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AddictedToCinema

"TOMMY"

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I watched "Tommy" Saturday night. It was the first time I'd seen it since it first came out in 1975. I remember waiting and standing in a line that wrapped around the theatre. I didn't like it then, but thought a second viewing would change my mind. NOPE, I still thought it was absurd. Ann-Margret wollering, and lavishing, in a room full of tv spewed pork-n-beans has to be the most ridiculous thing ever put on film. I only hope she was well compensated for her effort. Anyway, I was curious what others think of "Tommy".

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For what it's worth, if you like this kind of music, you may want to make sure you watch the version with the quadraphonic sound... the DVD has it, but I don't know if the TCM print had it.

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I remember Quadraphonic very well. I bought a quadraphonic receiver back then, but the records were too expensive, and there weren't many FM stations that broadcast in that format. Also, the receiver I had developed a problem with one of the channels and no one could ever fix it. That was the end of my quadraphonic days and I ended up buying a regular stereo receiver.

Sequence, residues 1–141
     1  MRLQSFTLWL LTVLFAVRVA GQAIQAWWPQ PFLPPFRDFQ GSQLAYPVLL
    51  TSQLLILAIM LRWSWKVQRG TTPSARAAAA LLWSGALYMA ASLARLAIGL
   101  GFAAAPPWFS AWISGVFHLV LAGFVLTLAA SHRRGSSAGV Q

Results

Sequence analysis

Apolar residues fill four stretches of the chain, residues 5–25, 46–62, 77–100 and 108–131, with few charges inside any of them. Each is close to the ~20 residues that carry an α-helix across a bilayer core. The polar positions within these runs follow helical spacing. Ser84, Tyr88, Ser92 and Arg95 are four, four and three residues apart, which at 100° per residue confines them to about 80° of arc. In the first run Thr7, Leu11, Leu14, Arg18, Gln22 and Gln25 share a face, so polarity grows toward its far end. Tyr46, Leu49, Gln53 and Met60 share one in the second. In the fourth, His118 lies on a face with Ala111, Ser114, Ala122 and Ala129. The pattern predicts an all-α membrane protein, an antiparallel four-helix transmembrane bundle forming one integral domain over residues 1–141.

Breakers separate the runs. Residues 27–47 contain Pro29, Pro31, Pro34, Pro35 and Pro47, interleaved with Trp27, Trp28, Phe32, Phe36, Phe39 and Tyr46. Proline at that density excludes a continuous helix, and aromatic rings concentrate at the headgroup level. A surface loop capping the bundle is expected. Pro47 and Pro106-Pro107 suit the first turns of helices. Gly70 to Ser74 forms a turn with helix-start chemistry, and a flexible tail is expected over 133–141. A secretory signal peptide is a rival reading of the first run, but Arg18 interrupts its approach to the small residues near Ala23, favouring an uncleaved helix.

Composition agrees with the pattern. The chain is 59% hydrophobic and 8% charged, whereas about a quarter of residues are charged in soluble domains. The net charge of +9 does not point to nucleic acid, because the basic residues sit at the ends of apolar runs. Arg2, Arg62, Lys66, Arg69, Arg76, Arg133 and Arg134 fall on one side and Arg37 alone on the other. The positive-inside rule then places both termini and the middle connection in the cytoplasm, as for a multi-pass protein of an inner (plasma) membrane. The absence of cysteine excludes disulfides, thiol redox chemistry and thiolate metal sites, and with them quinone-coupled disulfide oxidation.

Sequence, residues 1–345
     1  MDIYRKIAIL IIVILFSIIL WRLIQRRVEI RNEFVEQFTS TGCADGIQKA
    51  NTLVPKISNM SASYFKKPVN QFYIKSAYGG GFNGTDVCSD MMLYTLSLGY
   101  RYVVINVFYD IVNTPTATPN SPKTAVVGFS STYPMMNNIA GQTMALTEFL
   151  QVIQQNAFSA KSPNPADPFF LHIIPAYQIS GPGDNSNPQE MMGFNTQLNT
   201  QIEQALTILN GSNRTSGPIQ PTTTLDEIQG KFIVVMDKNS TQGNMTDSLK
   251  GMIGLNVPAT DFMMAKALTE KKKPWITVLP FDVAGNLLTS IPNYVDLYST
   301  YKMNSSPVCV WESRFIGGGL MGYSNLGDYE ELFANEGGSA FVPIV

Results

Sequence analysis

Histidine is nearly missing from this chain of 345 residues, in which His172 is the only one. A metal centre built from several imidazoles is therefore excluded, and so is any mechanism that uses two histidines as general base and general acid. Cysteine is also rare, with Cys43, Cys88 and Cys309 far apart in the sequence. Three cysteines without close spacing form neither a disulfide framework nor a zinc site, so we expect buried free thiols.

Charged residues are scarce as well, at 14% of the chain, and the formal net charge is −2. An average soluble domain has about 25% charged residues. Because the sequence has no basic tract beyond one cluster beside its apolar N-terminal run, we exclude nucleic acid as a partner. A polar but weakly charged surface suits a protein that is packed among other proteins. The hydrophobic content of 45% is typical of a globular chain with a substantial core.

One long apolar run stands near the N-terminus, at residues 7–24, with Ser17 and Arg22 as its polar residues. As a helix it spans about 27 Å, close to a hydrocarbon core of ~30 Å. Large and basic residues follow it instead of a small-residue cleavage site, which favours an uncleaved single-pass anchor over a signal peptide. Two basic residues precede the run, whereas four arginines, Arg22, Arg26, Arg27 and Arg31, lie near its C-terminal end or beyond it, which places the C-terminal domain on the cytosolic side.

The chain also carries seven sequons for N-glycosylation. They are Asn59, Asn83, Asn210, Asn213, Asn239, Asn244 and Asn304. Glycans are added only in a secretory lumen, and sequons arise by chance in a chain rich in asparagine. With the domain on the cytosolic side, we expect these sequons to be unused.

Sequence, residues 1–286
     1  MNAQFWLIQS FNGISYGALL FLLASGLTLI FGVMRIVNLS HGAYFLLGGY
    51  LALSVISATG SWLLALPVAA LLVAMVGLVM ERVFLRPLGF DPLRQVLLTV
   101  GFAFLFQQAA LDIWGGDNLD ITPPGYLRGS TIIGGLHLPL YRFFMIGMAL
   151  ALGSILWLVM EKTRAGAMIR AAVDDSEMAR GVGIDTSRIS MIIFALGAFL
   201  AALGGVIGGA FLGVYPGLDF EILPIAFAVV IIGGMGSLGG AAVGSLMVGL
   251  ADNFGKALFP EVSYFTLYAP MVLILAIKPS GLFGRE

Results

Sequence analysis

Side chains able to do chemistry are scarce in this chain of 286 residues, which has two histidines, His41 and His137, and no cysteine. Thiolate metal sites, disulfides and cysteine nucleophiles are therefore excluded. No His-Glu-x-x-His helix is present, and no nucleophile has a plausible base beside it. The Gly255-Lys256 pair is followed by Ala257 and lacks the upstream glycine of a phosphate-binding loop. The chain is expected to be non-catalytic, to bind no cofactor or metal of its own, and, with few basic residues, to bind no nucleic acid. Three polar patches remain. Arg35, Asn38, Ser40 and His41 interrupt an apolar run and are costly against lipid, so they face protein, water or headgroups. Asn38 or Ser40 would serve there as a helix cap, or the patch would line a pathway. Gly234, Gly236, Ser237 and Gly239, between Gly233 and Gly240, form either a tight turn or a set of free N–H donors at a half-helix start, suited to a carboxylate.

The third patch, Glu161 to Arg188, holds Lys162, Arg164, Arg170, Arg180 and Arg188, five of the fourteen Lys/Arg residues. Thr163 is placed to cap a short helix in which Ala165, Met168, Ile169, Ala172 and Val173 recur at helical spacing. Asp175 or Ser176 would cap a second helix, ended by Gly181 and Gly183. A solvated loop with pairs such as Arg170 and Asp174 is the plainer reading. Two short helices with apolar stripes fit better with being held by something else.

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I love rock, but when I was a freshman in college the people in the dorm room next door played this album ad nauseam. I've never been able to listen to the music since.

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I with you on disliking the film. I didn't like it when it came out and I don't like it now. Most of that opinion is based on not caring much for the Who. There are a few clever scenes worth watching, but it is a chore for me to sit through the whole thing.

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I've seen the movie a few times but never cared that much for it (I am sure a lot of that is based on that I don't like Oliver Reed, period). However, I was totally amazed by the staging of the Broadway production.